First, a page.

John Sewell: Ford is winning because his message is clear

John Sewell is a former Toronto mayor

By John Sewell –

In his campaign for mayor, Rob Ford’s strength has been found in running against the seven years of city hall under Mayor David Miller.

What people recognize, and what Ford constantly hits on, is that city hall is dysfunctional. It doesn’t offer good service. It spends money it shouldn’t. It holds public hearings and then doesn’t listen to what people say. Emails and phone calls are rarely returned.

Over the last few years the number of staff at city hall has increased and the organization now feels bloated. City hall doesn’t connect with people, it isn’t nearly accountable enough. It feels like a closed shop, where you can be part of the mayor’s closed circle or you are out in the cold. Many city residents who have good ideas they want to share with city leaders feel shut out from the mayor’s office and see it as a black hole.

Ford has attracted support by giving example after example of shortcomings at city hall. It has meant his campaign has focus and clarity since he talks not about abstract ideas and principles but about things everyone can understand and relate to. Sure, he gets some of his facts wrong, but that hardly matters: it is clear what he is saying.

And the strength of this message has meant that his personal failings—being drunk and insulting at the ACC, being arrested for possession of marijuana in Florida, and various other shenanigans—have not become a big issue.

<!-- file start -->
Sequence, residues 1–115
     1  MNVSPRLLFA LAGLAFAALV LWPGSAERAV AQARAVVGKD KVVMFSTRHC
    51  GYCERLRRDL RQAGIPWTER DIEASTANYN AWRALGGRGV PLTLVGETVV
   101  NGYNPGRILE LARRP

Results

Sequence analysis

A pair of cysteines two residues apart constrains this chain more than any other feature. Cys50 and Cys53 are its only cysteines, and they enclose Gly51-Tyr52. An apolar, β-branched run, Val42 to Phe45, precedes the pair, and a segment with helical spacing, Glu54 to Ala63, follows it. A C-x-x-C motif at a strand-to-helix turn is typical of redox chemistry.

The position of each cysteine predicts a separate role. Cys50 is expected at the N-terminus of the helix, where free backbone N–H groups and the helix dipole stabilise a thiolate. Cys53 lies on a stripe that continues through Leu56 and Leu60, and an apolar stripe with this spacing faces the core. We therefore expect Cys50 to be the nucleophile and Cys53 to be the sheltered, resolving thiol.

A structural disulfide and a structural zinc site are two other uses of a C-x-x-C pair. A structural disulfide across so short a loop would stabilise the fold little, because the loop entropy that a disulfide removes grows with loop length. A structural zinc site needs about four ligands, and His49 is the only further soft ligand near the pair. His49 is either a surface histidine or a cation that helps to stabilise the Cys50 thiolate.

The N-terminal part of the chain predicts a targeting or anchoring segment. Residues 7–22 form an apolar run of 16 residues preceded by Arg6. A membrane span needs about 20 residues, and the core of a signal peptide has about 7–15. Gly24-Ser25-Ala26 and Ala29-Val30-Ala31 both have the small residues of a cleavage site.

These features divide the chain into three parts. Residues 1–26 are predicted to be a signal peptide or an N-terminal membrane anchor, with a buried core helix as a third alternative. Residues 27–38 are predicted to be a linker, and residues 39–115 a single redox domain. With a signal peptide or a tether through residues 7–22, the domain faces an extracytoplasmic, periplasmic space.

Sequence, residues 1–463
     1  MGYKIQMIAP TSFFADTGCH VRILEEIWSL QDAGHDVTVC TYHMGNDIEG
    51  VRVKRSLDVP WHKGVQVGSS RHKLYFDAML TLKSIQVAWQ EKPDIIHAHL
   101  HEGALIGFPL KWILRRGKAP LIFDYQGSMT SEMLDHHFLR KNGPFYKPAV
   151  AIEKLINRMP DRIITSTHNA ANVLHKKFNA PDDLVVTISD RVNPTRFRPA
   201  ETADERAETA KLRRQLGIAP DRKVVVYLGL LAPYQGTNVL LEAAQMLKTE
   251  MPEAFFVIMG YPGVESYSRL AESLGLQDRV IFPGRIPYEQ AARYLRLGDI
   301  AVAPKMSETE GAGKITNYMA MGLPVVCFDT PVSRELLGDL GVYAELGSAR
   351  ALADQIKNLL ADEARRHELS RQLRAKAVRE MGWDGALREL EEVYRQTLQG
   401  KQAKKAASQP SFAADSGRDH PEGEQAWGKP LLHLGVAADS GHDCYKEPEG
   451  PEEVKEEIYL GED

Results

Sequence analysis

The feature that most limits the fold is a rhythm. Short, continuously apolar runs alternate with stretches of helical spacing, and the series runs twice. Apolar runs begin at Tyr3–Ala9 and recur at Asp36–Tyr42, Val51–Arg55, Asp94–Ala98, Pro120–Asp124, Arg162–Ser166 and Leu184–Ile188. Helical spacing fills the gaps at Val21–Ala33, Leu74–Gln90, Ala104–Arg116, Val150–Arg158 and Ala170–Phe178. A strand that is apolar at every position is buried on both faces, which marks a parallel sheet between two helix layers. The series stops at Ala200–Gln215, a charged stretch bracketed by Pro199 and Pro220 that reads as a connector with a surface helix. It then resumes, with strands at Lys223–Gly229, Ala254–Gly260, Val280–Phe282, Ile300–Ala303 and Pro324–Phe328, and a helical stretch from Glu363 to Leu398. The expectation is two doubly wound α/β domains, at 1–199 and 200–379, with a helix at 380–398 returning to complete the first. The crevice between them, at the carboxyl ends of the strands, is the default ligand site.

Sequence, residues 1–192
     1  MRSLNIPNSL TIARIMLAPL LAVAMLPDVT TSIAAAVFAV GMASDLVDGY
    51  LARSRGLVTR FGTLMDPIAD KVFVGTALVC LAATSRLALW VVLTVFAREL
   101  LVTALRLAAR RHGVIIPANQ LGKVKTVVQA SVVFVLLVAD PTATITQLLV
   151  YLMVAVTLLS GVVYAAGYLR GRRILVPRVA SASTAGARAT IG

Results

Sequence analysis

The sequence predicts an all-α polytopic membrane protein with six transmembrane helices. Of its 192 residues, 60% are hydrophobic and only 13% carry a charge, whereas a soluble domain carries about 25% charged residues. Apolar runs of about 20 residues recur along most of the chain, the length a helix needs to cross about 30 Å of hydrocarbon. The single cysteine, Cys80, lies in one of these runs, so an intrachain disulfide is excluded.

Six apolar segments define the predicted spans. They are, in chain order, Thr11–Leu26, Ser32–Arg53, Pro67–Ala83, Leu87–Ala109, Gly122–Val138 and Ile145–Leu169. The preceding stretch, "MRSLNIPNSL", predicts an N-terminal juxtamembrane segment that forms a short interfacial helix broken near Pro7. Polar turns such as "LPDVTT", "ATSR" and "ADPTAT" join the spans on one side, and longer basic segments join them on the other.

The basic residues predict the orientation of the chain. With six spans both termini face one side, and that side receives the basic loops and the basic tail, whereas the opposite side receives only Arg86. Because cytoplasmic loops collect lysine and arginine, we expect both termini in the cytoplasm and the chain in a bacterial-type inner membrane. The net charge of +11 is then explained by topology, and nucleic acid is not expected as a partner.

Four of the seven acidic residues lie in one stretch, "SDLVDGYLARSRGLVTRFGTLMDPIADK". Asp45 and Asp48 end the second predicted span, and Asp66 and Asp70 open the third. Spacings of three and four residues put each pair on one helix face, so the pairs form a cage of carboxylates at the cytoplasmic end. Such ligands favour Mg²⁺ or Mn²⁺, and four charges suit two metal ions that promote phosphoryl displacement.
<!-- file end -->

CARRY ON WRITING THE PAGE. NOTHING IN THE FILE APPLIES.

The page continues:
None of the other candidates have been able to match Ford’s approach. George Smitherman, Rocco Rossi and Sarah Thomson have never served on city council, so they don’t have the examples and experience that Ford can rely on. They can only talk about abstract ideas. Joe Pantalone has been on city council for 30 years, in senior positions for the last 10 years, and says things down there are generally fine. Few share his belief, which is why his campaign is not doing well.

The problem, and it is a scary one, is what Ford proposes to do about a dysfunctional city hall. He takes the slash and burn approach: Cut taxes substantially (which means cutting the money available to the city), get rid of streetcars, contract out garbage, cut council to half its size, and lots more. It is an agenda that promises lower levels of service and war with the city unions. Given Ford’s apparent inability to work at problem-solving with other councillors, it will be a fractious four years if he gets elected.

I’m not sure Ford has defined accurately why city hall is dysfunctional. It’s not just incompetence. I think the creation of the megacity in 1998—after 78.6% of those who voted in the referendum rejected it—disconnected a lot of people from the city government they knew. We now have a giant city bureaucracy and a city council so cumbersome that it doesn’t know how to relate to neighbourhood issues. Until we fix the system of governance we’ll not get a city hall that is open to people, with a city staff proud to serve residents directly. We need to reshape city hall so it functions at a manageable size.

Cutting the councillors from 44 to 22 but leaving the big bureaucracy in place will only make things worse. We need a rethink which gives more local control. That’s not an issue which any of the candidates have been talking about, but reshaping city hall and its structures is the place to start.

Three weeks is a long time in politics, and Ford might stumble while Smitherman, in second place, might take off. Or maybe not much will change between now and Oct. 25. Whatever happens, we’ll sort out our future in the deep shadows of the megacity and David Miller